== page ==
Expat Recovery Room: Estonia's Winter of Content
By Mike Dunphy
Without a stitch of clothing, I stepped out into the snowy Estonian landscape. Days of sub-zero temperatures had transformed the white coating underfoot into sharp crystals. Scooping a handful, I ground it in a circular motion into my bare chest, then a second handful across my shoulders and a third down my back. By now, the skin began to redden and burn, while my nether regions retreated into the available pelvic cavities. As the last moments of tolerance withered, I turned my gaze upwards to the stars, the only source of light filtering through the thick, inky dark of Scandinavian winter nights. Watching the winking billions, long disappeared from my life back in New York City, I brushed a finger across my nose in grateful acknowledgment of the shared secret about Estonia before stepping back into the steaming sauna.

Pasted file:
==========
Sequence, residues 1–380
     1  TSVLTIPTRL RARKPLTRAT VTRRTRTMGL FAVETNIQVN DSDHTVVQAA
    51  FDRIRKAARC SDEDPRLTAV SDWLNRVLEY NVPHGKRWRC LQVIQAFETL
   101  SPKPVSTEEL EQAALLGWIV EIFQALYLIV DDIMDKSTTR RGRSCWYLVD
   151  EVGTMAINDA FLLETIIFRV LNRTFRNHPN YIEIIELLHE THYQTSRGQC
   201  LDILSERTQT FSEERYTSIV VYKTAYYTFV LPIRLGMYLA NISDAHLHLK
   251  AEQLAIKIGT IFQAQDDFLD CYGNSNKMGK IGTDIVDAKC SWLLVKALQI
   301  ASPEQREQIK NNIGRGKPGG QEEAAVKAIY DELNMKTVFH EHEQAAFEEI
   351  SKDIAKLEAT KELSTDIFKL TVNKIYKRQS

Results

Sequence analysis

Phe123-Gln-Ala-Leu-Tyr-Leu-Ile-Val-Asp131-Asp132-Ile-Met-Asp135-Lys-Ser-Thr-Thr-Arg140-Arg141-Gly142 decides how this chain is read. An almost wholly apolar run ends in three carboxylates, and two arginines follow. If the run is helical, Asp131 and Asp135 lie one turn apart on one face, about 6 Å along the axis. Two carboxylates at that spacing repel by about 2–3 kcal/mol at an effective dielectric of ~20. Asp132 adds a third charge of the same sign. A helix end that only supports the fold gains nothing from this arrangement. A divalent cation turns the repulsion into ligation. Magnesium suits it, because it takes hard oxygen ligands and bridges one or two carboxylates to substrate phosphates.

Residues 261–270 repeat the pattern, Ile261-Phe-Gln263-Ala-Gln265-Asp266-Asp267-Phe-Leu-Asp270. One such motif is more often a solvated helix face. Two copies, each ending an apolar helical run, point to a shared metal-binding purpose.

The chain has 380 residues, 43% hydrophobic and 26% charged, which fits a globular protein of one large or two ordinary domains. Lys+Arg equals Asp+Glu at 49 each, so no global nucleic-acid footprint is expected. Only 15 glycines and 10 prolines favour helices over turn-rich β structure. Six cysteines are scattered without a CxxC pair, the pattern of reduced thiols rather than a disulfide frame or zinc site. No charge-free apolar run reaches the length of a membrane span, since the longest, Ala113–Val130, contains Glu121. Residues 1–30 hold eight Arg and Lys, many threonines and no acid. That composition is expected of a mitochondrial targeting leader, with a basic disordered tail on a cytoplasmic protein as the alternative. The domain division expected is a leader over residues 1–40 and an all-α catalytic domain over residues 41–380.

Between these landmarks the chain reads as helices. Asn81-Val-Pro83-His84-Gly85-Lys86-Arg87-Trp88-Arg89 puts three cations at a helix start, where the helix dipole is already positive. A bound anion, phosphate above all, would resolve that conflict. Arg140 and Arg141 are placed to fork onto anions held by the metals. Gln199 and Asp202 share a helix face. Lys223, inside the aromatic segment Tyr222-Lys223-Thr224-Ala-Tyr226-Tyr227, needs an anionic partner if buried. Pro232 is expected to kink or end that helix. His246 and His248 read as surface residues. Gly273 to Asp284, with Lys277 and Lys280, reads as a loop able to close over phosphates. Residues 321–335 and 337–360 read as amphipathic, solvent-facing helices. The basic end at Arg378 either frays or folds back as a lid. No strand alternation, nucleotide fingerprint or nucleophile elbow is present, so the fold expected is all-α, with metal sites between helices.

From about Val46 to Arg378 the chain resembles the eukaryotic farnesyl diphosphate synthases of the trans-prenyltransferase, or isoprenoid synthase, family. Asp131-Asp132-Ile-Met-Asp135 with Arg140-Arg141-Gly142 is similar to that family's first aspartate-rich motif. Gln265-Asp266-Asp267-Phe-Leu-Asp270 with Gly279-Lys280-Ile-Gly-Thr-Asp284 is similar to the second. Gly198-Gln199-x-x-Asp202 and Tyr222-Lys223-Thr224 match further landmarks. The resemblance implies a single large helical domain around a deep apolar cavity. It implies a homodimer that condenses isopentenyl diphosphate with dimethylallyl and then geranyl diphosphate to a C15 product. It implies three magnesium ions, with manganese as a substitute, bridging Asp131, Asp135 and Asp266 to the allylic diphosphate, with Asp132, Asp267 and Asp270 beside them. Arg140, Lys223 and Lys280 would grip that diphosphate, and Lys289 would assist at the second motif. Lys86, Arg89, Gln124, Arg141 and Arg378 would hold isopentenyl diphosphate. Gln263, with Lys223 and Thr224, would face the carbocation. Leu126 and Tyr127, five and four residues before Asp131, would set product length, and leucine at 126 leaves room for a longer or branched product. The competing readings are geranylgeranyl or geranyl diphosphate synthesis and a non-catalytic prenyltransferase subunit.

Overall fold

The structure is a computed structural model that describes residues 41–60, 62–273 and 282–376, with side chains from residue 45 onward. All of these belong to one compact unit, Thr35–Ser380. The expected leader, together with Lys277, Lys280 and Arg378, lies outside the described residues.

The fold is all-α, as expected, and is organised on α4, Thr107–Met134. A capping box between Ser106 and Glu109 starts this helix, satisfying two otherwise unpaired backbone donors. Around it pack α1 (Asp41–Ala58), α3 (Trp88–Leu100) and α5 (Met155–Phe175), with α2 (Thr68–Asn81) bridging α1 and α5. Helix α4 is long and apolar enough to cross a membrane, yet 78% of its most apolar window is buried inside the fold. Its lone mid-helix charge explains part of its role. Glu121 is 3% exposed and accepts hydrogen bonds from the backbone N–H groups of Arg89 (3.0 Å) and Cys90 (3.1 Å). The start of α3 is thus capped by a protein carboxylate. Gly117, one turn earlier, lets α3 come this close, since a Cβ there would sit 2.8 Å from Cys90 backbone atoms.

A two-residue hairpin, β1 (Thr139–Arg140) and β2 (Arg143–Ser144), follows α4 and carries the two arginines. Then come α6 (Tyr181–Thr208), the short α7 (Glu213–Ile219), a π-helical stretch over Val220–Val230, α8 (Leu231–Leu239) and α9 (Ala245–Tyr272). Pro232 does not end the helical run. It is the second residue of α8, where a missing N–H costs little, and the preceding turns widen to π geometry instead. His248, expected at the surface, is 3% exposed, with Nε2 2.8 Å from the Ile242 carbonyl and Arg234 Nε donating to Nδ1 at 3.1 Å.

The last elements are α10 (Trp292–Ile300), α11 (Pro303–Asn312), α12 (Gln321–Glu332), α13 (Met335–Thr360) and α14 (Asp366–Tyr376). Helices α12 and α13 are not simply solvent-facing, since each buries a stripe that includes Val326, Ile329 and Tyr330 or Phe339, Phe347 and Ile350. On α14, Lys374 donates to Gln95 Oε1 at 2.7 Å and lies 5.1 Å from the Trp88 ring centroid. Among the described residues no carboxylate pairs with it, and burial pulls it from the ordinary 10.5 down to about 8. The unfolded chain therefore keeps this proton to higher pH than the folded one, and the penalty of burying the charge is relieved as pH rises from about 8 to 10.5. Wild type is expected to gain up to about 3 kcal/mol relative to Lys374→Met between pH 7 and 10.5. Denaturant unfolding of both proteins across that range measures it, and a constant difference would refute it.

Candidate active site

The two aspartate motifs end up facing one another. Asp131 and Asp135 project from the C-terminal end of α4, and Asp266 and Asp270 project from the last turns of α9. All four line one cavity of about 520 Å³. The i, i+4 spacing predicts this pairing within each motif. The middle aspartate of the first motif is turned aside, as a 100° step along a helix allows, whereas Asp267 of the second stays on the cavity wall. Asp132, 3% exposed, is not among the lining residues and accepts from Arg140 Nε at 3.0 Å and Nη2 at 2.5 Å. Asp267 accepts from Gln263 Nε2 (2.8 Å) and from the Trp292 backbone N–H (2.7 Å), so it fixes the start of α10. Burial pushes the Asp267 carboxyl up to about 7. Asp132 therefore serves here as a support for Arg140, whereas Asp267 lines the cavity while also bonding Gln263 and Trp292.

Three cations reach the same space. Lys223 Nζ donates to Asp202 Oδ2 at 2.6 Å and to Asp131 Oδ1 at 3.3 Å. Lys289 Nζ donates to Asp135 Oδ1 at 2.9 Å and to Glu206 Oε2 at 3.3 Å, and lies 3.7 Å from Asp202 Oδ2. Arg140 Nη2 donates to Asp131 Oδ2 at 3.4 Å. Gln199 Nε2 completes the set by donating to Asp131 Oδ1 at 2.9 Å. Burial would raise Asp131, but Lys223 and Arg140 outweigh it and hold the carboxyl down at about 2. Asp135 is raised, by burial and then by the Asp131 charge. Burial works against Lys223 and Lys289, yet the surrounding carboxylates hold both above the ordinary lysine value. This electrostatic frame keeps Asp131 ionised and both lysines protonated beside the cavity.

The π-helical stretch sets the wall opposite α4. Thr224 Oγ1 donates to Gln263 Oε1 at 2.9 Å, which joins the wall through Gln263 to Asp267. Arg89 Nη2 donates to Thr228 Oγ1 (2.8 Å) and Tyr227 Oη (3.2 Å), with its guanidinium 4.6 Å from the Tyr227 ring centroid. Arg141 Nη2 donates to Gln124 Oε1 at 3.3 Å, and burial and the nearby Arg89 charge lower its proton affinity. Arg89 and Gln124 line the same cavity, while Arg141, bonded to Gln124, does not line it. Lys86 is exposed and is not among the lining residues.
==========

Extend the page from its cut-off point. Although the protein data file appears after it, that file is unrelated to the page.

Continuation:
The most common question during my recent trip to Estonia was "Why did you come in winter?" It's a fair question, considering the near impenetrable darkness that cloaks the country nearly 24 hours a day in January and wind chills that burn the face within minutes of stepping outside. However, even in warm weather, Estonia is not a very popular destination for tourists. The 1.8 million that stayed overnight in 2012 may seem like a good tourism numbers but is relatively tiny compared to the 83 million that arrived in France during the same period. Comparably-sized Denmark saw approximately nine million arrivals, while fellow former Eastern bloc Bulgaria got 6.5 million. Estonia's tourism numbers diminish further when considering about half were from Finland, with a mere 29,000 from my country, USA. Of these, few trickle south from the capital city Tallinn, leaving just me, standing naked in the snow in the village of Kilingi-Nõmme.